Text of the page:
I have just bought the Jamo a102’s speakers and currently have the front ones at the same height as the centre speaker – and they are tilted upwards towards the listener along with the centre speaker at the same angle.
I know they should be ear level, but I have nowhere else to put them at the moment.
So, my question is, is it best to tilt them upwards (basically they’re turned on their side and the bracket points them up) or leave them pointing outwards just below the tv?
Also, the rear ones are at ear level but are supposed to be above, so should I leave them pointing at the ears or tilted upwards?
Hope this makes sense.
Many thanks in advance for your help.
Comments for Jamo A102 Speakers and Correct Room Placement:
The simple answer is, put them where they sound the best to you.
If you can’t place the speakers at ear level, angling the front speakers towards your ears usually produces the best, most direct sound – but try both and see what you think.
If possible, play some audio and get someone else to adjust the position of the speakers while you are in your usual listening position. You might be surprised how the sound changes with relatively small movements in position.
The rear speakers are ideally slightly higher as then you don’t get too much direct sound straight in your ears – which may be distracting from the more important sound from the front.
If they are already at ear level, then pointing them up may help to diffuse the sound slightly and provide a slightly better surround effect.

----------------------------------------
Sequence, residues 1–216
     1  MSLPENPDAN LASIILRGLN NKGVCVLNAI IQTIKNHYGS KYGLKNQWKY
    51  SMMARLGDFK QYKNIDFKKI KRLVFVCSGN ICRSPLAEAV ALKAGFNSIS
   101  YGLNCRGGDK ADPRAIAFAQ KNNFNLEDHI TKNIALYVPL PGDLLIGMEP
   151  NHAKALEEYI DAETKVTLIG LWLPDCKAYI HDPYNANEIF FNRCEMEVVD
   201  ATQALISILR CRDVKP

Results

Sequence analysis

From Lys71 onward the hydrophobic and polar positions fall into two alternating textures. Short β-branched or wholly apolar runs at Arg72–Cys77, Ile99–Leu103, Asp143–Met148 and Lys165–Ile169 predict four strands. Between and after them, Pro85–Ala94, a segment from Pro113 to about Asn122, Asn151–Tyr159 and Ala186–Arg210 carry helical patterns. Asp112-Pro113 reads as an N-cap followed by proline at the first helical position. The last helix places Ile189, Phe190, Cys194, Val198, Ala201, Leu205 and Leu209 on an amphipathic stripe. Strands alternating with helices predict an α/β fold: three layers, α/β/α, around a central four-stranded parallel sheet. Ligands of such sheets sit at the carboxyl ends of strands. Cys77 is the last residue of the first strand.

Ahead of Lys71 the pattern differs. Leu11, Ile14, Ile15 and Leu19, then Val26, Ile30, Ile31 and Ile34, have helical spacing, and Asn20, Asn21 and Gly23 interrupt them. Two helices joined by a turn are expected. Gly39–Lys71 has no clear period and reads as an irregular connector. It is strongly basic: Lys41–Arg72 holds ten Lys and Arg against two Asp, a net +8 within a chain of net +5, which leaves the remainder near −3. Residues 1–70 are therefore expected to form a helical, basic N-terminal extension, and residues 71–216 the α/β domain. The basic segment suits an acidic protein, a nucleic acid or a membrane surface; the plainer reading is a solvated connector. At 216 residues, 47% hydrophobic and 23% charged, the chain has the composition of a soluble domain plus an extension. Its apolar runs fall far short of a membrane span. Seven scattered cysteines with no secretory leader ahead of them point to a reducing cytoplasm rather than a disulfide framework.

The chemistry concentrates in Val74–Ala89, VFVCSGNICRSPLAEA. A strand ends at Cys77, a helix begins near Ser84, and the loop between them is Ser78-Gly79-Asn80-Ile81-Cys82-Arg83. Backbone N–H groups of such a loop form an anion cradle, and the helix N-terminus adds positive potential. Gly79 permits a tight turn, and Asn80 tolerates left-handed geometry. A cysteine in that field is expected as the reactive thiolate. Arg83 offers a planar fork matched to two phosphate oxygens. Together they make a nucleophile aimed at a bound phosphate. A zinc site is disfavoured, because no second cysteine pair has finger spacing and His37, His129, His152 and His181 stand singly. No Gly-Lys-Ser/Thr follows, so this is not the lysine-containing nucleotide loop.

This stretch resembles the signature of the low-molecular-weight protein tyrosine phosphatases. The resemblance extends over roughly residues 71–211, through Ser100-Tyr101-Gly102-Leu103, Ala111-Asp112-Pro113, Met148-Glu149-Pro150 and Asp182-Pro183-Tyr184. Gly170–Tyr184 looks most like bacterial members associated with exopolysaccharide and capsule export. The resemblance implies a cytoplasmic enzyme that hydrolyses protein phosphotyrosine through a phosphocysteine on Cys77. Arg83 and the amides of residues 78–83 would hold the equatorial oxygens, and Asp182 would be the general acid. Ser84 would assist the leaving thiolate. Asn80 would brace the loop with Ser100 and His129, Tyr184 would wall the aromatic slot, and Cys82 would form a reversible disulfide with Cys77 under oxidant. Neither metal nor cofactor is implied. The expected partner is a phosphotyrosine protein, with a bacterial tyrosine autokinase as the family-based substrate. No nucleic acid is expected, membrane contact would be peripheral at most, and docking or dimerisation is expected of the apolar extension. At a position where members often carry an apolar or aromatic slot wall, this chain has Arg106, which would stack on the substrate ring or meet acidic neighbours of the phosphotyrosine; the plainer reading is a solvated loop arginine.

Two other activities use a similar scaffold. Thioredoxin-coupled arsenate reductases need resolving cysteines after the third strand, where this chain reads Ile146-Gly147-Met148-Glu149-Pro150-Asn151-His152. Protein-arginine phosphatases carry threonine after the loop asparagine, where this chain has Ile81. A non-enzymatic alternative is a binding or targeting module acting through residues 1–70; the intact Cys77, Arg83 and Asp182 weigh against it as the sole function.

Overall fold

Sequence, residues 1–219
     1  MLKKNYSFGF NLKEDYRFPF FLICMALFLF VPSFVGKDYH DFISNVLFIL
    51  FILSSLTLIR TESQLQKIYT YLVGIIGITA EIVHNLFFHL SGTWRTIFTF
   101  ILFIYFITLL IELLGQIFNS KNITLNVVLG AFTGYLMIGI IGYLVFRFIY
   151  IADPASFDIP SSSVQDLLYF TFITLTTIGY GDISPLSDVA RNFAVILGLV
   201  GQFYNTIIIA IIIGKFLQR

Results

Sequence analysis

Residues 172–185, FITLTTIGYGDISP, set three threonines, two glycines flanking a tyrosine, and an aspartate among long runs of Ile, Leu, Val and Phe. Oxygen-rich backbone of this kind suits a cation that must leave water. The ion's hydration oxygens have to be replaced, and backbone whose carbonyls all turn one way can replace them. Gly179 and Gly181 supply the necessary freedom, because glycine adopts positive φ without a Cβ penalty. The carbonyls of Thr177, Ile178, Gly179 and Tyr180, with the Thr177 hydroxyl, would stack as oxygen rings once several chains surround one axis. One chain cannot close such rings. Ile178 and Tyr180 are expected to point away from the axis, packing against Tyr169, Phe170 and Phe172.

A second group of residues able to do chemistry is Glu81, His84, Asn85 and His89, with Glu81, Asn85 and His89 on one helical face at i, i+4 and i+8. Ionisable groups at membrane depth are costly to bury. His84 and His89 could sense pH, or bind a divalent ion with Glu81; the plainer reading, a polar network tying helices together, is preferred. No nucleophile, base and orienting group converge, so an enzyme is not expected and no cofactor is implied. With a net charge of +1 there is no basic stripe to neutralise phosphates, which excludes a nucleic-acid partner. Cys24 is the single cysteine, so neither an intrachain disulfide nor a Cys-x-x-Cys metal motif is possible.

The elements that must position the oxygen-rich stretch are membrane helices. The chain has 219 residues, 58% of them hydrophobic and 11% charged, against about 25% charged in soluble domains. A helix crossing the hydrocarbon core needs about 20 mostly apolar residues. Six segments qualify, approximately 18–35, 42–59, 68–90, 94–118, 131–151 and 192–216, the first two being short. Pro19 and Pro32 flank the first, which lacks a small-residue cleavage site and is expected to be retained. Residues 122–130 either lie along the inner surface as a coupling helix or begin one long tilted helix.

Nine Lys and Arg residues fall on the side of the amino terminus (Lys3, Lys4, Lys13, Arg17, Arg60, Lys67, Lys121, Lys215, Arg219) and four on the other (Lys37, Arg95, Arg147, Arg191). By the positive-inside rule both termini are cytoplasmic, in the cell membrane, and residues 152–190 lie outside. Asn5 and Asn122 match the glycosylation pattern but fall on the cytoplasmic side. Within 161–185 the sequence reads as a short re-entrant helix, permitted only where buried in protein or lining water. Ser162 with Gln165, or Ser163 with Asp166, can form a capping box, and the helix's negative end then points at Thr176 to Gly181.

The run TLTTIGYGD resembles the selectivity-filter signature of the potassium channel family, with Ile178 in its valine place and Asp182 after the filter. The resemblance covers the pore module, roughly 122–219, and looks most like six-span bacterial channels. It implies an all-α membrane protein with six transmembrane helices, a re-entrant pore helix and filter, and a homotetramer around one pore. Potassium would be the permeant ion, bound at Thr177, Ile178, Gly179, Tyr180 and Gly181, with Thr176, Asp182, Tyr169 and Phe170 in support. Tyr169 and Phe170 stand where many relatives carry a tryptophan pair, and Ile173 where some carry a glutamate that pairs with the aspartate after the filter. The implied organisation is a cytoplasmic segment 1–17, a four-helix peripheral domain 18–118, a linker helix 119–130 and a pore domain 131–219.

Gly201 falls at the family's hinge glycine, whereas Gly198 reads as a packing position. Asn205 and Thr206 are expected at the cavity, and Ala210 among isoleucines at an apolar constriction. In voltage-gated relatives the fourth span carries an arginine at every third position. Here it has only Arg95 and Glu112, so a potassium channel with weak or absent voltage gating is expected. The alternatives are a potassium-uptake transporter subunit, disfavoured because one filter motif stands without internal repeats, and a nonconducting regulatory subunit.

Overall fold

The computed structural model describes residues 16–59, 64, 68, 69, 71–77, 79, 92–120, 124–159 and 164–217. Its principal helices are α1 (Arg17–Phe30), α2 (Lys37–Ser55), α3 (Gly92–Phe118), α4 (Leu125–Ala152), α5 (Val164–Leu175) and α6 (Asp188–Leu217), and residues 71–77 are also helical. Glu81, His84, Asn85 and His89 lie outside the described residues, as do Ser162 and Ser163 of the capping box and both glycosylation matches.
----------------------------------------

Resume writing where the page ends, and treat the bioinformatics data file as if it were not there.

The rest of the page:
However, the same rule applies as to the front speakers. Try them in both positions and see which sounds best to your ears.
Ultimately, the ‘right’ way is always the one which sounds best to you.
Also, the Jamo A102 speakers are relatively small satellite speakers, and so angling them may not have quite such an effect as with larger speakers where the woofers and tweeters are further apart.
The links below will give you much more detailed information on positioning speakers in a surround sound system.
All the best.
Paul (Site Editor)
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Paul started the Home Cinema Guide to help less-experienced users get the most out of today's audio-visual technology. He has been a sound, lighting and audio-visual engineer for around 20 years. At home, he has spent more time than is probably healthy installing, configuring, testing, de-rigging, fixing, tweaking, re-installing again (and sometimes using) various pieces of hi-fi and home cinema equipment. You can find out more here.